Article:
UCL mathematician, Helen Wilson, points out the encouragement this will give to female mathematicians.

On 15 July 2017, Maryam Mirzakhani died, at a mere 40 years old. It’s tragic that having achieved so much, against all the odds, the dice rolled the wrong way for her, and cancer destroyed her. Her life will inspire generations to come.

As in marathons, confidence, role models and zeitgeist matter as much as genetics.

It’s examples like these that have made me profoundly suspicious of generalisations about what particular groups of people can and cannot do. Whether it is working class boys. black boys, or women, such generalisations can be shattered over a decade or two, once the zeitgeist changes.

That’s one reason that I am so unsympathetic to the IQ enthusiasts. Great harm has stemmed from the belief that it’s possible to sum up human achievements in a single number. What’s more, it’s a number that measures your resemblance to white male psychologists. It is because politicians believed the over-hyped claims of psychologists in the 1930s, that three-quarters of the population was written off. Much the same thing has happened with women, and with skin colour.

Don’t believe it.

And the job of desegregation may not be entirely finished. In fact now it is harder to combat, since it’s unspoken. Once again, I’m reminded of Peter Lawrence’s essay, The Mismeasurement of Science. Speaking of the perverse incentives and over-competitiveness that has invaded academia, he says

“Gentle people of both sexes vote with their feet and leave a profession that they, correctly, perceive to discriminate against them [17]. Not only do we lose many original researchers, I think science would flourish more in an understanding and empathetic workplace.”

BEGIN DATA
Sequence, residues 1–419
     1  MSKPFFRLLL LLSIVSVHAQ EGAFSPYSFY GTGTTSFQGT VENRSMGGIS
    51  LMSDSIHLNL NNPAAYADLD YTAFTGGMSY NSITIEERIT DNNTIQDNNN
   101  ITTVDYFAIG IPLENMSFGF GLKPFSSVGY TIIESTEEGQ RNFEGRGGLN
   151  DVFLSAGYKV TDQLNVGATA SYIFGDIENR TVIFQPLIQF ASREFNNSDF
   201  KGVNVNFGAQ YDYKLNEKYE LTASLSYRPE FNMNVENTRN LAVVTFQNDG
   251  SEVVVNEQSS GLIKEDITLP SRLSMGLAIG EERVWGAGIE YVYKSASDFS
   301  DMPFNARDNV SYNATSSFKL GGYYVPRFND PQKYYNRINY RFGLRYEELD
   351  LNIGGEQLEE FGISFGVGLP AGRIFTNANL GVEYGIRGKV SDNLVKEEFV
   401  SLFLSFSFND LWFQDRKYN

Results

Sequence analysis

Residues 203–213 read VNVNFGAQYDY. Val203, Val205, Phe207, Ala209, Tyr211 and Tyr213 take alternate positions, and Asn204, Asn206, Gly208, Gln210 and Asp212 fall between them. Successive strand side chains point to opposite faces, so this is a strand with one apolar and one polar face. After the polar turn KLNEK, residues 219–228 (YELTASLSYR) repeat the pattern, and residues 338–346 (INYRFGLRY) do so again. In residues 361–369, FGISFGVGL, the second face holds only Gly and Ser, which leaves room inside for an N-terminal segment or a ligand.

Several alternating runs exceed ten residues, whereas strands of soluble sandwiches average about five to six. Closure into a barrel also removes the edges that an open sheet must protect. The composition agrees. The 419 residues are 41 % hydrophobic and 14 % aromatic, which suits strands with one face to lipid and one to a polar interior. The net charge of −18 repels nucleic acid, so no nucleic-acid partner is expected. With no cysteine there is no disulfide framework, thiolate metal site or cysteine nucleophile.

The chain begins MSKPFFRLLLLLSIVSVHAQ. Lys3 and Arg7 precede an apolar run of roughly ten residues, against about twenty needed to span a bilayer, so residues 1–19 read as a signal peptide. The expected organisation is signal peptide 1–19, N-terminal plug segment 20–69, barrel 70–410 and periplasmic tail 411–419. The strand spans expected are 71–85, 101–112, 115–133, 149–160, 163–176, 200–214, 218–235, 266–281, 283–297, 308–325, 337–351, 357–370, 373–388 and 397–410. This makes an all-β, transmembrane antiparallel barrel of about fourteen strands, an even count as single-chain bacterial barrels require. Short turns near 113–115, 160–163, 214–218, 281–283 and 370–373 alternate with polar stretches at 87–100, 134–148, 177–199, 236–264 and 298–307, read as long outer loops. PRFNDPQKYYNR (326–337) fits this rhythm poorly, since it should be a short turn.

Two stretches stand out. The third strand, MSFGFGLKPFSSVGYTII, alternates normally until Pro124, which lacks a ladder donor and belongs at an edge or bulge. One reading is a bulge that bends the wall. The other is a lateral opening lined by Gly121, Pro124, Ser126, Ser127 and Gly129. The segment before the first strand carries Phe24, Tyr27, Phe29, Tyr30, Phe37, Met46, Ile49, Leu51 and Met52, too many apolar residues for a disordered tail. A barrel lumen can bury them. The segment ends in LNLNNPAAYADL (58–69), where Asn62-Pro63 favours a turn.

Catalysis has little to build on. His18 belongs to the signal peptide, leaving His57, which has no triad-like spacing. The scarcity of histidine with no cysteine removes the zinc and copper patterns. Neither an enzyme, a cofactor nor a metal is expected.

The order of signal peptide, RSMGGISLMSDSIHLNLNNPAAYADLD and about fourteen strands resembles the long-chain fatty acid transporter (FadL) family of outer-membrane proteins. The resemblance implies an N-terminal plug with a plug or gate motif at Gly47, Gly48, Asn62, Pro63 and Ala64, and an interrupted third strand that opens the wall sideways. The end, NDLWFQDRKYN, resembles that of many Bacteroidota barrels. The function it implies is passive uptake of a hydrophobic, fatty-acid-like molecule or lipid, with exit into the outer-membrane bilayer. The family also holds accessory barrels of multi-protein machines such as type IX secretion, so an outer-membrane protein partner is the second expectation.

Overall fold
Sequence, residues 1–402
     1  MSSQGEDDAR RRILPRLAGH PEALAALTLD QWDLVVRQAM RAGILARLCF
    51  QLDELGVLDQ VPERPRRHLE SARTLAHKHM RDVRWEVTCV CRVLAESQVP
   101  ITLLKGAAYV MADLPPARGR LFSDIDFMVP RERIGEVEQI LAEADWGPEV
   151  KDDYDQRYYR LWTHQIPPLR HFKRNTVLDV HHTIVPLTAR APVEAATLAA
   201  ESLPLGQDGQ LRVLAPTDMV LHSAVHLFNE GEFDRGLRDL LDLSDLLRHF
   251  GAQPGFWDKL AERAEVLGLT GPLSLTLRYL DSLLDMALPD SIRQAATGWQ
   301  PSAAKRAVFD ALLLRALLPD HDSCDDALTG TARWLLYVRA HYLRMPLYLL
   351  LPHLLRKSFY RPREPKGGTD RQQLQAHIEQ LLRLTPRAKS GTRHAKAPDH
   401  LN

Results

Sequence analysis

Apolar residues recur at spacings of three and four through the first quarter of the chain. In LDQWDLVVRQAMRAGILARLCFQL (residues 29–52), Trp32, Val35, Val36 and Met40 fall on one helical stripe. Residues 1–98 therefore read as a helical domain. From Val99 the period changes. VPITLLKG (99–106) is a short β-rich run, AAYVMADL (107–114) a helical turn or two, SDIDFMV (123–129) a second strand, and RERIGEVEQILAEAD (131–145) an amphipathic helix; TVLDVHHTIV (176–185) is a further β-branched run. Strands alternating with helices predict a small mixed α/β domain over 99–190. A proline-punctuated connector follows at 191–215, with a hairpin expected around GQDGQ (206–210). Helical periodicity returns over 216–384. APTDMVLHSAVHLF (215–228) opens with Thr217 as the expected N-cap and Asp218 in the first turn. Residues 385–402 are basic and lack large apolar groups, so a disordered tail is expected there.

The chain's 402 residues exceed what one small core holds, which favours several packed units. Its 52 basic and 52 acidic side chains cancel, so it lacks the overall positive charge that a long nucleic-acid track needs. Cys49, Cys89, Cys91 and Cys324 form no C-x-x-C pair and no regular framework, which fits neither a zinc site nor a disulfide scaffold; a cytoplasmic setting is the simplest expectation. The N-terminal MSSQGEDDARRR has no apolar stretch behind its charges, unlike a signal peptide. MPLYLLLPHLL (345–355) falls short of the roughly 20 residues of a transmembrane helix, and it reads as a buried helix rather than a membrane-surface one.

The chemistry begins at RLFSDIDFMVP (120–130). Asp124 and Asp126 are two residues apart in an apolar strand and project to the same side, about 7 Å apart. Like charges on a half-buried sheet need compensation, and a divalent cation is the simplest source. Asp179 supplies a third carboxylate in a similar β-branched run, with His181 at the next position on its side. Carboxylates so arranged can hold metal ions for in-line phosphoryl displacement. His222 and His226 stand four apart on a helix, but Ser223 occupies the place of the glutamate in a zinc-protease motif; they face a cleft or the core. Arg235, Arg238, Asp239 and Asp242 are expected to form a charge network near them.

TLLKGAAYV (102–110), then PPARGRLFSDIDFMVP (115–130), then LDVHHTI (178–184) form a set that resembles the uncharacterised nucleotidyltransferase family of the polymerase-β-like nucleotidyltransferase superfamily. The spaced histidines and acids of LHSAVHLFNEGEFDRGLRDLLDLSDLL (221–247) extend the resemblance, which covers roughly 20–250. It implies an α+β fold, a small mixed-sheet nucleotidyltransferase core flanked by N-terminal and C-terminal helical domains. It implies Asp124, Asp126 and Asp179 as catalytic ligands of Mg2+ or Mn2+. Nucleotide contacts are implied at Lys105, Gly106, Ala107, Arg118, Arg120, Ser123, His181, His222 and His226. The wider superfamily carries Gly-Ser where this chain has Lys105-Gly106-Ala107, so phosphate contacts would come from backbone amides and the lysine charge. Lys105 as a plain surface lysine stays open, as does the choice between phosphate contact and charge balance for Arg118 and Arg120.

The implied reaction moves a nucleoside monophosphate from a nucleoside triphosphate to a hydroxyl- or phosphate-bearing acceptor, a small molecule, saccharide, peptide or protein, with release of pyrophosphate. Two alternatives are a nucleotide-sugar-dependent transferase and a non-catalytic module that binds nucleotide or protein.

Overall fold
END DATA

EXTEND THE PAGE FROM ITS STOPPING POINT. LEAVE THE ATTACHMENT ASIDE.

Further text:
The perverse incentives that make academic life hard for women (and for many men too) are administered by HR departments (with the collusion of mostly elderly male academics). They are the very same people who write fine-sounding diversity documents and lecture you about work-life balance.

It’s time they woke up.


Note. The minutes of Housman AGMs from the 1960s are missing at the moment. If they come to light, this post will be modified accordingly.

Follow-up

29 August 2014

As I’d hoped, this post elicited the name of one of the women who braved the rules and went into the Housman room when it was still men-only. I had an email from Lynn Bindman, and she told me that one of them was Gertrude Falk (1925 – 2008), who had worked in Bernard Katz’s Biophysics Department since 1961.


Gertrude Falk at 76
(Camden New Journal
)

In 1967 she must have been about 42. The episode is mentioned in Gertrude’s obituary in the Guardian. She also sent me a copy of the Physiologocal Society’s obituary, which recounts the story thus.

"Her indifference to conventions is well illustrated by the occasion when, drinking coffee in the men’s staff common room, at that time still segregated, she responded calmly to the Beadle summoned to escort her out, “well, I am certainly going to finish my coffee first”, and did so at her leisure."

I have another story about Gertrude’s feistiness. Every year the Royal Society has a soirée for fellows and guests. It’s a sort of private view for the Summer Science exhibition. Men are required to dress like penguins despite the heat, and the invitation says "decorations will be worn". The food is good though it’s all a bit pompous for my taste. Some years ago I met Gertrude at a soirée and I saw she was wearing a medal round her neck. I said "have they made you a Dame of the British Empire?". She held up the medal and I saw it said "Erasmus High School Economics Prize". She is why I usually go to the soirée wearing my London Marathon medal.

12 May 2015

Surprising as it seems now that the Housman room excluded women until 1969, there are other UCL institutions that were almost as slow as Oxford and Camridge to join the modern age.

One of these is the Professors’ Dining Club (it isn’t actually restricted to professors). I recall going to one of their dinners in the 1960s, as a guest of Heinz Otto Schild, the then head of Pharmacology, who gave me my first job. He was a lovely man, but I was horrified that it didn’t allow women to join. I recently discovered that its records reveal that it didn’t see the light until 1981. It wasn’t until after that happened that I joined the club. It seems now to be a shameful record.